Interestingly the PGGB filter appears to add some noise, disrupts crosstalk and changes IMD+N at the corner frequency. Specifically regarding that noise spike at the "brick wall", let's double check that in the digital domain:

Using a higher resolution WaveSpectra FFT we can indeed see that there's a sharp spike right at ~21kHz when upsampling this 44.1kHz signal before the very deep attenuation with noise shaping causing noise floor to rise again beyond 40kHz. I noticed that the amplitude of that noise spike varies depending on the signal being upsampled, at times up to -80dBFS or so. This should not be a problem given that it's out at 21kHz and low enough to be obscured by a recording's noise floor, nonetheless, ideally it should not be there. Good to see that what RightMark found in the DAC output was indeed present in the digital signal itself, showing the sensitivity of the test and accuracy of the Topping DAC playing what was being fed into it.

One last thing. Notice that the summary numbers for noise level and dynamic range tend to be lower with the upsampled PGGB playback. I believe this is a result of the DAC running at 384kHz. Over the years, I've noticed that most DACs perform best at 24/96 and pushing them to 24/192 or higher will result in very slightly noisier performance. Obviously, differences vary by device and you can only know by measuring the behaviour of your DAC. Be aware of this and don't just think that bigger samplerate numbers like 384 or 768kHz somehow also results in better performance! The noise floor is often actually higher.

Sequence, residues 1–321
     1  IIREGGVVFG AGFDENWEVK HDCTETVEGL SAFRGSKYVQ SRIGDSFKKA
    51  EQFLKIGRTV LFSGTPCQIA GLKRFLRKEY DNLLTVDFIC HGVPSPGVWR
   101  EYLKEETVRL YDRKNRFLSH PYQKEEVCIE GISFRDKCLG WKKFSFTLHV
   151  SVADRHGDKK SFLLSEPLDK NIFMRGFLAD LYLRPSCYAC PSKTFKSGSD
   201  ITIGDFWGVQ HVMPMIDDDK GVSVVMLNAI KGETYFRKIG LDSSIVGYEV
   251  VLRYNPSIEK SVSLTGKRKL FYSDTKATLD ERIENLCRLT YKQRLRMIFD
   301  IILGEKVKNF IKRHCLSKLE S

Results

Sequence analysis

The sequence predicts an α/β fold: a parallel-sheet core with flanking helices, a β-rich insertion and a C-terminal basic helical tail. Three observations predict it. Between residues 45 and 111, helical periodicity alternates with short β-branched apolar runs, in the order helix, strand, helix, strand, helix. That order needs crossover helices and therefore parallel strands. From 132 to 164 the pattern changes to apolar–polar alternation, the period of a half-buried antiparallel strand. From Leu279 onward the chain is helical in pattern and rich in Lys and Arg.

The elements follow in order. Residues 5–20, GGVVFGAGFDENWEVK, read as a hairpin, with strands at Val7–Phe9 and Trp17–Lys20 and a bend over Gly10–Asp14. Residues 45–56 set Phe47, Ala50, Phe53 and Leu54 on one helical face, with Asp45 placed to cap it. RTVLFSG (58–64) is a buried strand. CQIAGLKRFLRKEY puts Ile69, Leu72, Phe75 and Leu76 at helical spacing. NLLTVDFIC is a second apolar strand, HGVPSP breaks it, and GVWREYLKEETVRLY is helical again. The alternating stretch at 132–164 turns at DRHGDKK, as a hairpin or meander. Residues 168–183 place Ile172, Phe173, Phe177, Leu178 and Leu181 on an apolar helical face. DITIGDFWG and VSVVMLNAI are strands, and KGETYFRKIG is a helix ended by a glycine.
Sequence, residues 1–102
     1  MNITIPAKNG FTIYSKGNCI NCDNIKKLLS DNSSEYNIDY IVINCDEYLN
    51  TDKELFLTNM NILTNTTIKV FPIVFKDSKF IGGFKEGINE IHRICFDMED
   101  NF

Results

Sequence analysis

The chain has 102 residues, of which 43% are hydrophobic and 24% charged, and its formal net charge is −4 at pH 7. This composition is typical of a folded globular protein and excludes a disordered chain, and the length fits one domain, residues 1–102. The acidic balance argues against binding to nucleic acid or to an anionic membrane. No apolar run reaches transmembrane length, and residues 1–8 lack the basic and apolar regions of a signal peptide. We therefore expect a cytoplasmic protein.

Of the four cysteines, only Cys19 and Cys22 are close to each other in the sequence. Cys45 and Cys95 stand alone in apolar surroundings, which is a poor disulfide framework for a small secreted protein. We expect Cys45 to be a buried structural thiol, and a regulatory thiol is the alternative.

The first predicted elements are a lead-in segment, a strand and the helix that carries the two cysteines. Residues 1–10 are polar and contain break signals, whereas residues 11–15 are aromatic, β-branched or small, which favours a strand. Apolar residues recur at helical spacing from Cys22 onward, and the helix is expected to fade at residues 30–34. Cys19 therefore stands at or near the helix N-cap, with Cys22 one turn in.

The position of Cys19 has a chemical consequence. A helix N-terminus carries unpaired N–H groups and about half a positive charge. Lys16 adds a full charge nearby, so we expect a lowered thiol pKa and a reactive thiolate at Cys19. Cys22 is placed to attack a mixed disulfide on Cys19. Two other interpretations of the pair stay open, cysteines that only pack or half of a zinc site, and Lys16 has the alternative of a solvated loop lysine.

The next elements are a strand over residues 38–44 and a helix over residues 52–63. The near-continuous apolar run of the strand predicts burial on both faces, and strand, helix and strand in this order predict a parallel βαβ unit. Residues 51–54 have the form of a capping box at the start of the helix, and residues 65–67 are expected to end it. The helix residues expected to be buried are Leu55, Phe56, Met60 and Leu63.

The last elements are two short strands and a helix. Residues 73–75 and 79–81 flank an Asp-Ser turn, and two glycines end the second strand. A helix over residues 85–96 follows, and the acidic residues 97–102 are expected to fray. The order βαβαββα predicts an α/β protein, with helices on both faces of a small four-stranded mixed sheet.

IV. Subjective Listening

Before talking about my own impressions, I asked my friend to give me his thoughts not knowing any of the data above:
"Hey Arch, fun gettin' this stuff to ya. 
Okay, here are my thoughts on this program. 
Like we discussed, it takes alot of computer power and memory to run. When running PGGB, I see all cores being used at different times in the process and the machine dips into the VM [virtual memory], requiring more than 32GB RAM especially with longer tracks. So far, I've resampled about 5 albums. The install also downloaded the MatLab runtime which took up >3GB disk space. I don't love the UI which can be a bit slow even on a fast machine.
It sounds good to me. I notice in A/B listening that the PGGB files do seem to be louder than the original sometimes and this will affect what I think of the sound. I have seen some of the comments on the AS thread but I'm not noticing as much as some of those guys say. Using my Chord Hugo TT2 with upsampled music to 32/768, it's good but I really don't think I hear a huge difference in dynamics or transient resolution. Chord already talks about using a long '98,304-taps' filter for the TT2. I'll keep listening but I'm just not sure these huge files are worth keeping even if they sound a little better!"